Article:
As Adrien Brody’s Wladyslaw Szpilman desperately scavenges for scraps of food in his makeshift hideout in Nazi occupied Poland, Roman Polanski’s The Pianist risks slipping into the predictable action movie it threatened to be with its run of the mill plot about the undignified oppressed, not to mention the borderline cliché classical score. Just hang in there, as the climax proves worth the suffering (yours, and Szpilman’s).
How important Chopin is to the canon of Western classical music is less important than its suitability to its use in the film. The last of these you want to call the best moments of the film, but this author reserves that distinction for a sunset behind a smoky valley, full of unspoken, intangible, painful, yet satisfying resolution.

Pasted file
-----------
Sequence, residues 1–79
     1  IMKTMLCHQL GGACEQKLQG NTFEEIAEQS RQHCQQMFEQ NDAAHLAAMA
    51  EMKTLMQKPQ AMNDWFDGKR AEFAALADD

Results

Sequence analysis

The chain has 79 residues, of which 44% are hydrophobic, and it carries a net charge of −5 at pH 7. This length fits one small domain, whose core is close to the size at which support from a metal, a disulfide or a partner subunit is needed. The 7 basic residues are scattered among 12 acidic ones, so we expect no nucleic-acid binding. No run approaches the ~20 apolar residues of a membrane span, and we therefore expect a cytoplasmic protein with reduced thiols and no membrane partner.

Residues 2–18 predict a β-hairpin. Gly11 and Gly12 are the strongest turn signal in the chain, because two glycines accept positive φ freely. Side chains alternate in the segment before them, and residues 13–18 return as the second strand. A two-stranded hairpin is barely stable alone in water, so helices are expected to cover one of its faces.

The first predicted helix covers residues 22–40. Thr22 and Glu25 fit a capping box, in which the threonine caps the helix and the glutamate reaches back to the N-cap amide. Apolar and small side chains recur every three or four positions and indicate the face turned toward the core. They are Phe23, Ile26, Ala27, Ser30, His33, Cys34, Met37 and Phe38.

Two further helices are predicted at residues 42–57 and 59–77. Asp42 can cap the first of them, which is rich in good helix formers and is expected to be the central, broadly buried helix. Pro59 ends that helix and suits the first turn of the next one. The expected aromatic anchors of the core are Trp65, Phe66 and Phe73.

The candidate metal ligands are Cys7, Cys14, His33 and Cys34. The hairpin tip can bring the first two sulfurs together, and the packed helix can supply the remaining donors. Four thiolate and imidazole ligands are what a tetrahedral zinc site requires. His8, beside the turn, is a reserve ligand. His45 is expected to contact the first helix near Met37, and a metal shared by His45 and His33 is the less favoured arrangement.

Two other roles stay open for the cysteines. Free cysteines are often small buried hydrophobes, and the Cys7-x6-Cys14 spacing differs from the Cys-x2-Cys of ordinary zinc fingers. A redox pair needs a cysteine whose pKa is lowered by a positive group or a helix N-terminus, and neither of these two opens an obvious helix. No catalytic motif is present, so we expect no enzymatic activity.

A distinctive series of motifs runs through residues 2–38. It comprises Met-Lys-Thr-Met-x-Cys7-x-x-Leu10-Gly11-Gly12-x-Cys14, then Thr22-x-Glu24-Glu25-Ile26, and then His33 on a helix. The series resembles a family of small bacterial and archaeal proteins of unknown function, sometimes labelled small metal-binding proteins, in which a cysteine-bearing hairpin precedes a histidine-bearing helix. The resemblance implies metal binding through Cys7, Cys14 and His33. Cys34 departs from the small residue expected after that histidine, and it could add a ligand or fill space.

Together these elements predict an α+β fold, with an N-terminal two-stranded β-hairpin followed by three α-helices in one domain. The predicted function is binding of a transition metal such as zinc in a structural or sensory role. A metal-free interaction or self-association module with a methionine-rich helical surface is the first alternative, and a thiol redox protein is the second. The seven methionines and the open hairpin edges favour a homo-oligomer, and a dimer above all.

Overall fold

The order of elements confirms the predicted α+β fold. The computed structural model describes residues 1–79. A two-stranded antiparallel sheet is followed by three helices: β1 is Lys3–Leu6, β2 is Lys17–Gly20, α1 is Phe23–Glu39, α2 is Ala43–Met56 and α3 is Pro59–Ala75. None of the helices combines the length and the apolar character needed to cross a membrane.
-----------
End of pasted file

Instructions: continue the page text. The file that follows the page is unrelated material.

A man cornered against his will but keeping his reserve is also invincibly suave because he has nothing to lose. This is still Brody’s best performance, and it betrays a young man beyond his years, but it’s probably Polanski who deserves most of the credit.